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Golda Meir: Tormented by Decision Not to Call Up Reserves

Revealing archives released 40 years on tell how Golda Meir felt in the hours leading up to and after the Yom Kippur War.
By Adam Ross
First Publish: 9/12/2013, 8:48 PM

Golda Meir with officers, Yom Kippur War
Golda Meir with officers, Yom Kippur War
IDF Archives

40 years after the Yom Kippur which began on October 6th 1973, defence establishment archives reveal the state of mind of then-Prime Minister Golda Meir in the  build up and aftermath of the war. 

The Agranat Commission headed by Chief Supreme Court Justice Shimon Agranat was established to investigate the war which started with a massive coordinated attack on Israel from the north and the south by Syrian and Egyptian forces simultaneously. More than 2,500 soldiers were killed in the war.

The report of the commission called for the dismissal of four senior intelligence officers it deemed had exercised poor lack of judgement. Although it cleared Meir of any direct blame she resigned on April 11, 1974, bowing to what she felt was the "will of the people." 

In the newly revealed testimony Meir said she was not able to confront the Chief of Staff, and Head of Intelligence during the war who had played down the chances of war breaking out. She added she had especially suffered from her decision not to mobilize and call up the army's reserve troops.

"I think the headline of the disaster that befell us is 'mistakes,' she said. "I'll take myself as an example. People will say what happened was foolish, and to a great extent that is right but at the time, I wasn't able to stand up and confront the head of intelligence or the Chief of Staff. I chastise myself that I didn't say 'gentlemen. Perhaps nevertheless, we should call up the reserves.'"

Meir leveled criticism at then Head of Intelligence Eli Zeira, who she said had not passed on enough intelligence information to government ministers in the lead up to the war, noting in particular that ministers were not informed that Russian advisers had left Syria. She added that since the Six Day War, a sizeable investment had been made to ensure an effective warning system was in place in case of outbreak of war, but "at the end of the day. We didn’t receive a warning."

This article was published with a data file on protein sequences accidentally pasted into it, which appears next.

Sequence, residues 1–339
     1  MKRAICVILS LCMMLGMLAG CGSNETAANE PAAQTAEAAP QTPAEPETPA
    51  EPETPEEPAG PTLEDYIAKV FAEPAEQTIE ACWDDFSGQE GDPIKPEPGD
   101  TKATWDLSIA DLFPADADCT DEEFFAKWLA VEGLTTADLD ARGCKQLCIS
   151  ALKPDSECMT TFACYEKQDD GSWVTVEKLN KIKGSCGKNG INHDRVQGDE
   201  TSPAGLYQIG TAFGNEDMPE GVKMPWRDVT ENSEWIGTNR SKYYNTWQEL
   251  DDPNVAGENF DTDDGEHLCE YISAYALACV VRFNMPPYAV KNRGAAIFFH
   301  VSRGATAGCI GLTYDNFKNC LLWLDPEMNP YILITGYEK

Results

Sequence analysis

The Head of the Mossad during the period of the war, Zvi Zamir, also received a dressing-down from Meir at the commission, claiming that Zamir had not informed her of an urgent meeting that had taken place on the eve of the war with Egyptian Agent Ashraf Marwoun. Meir said had she known about Marwoun's warning, she may well have taken that into consideration when making the critical decisions in the build up to the Syrian Egyptian attack.

Meir also told the commission that her decision not to call up and mobilize Israel's reserve forces in response to the mass mobilization of Egyptian and Syrian troops on its borders was caused by a suspicion that acting too soon would have threatened the arrival of essential supplies from the US that would be needed to win the war.

Eventually the reserves were called up on the morning of Yom Kippur War, which began with surprise attack at 2am by Arab forces. Meir was concerned that Israel would be accused of starting the war and would not be able to call on US military aid if the country acted in a provocative way.

Earlier this week, a former Commander in the war, Lt Col. (Res) Avi Gur, urged Israelis to reassess the traditional narrative of the Yom Kippur War as a failure and embrace the military victory and turnaround he lauded as the greatest of the last hundred years.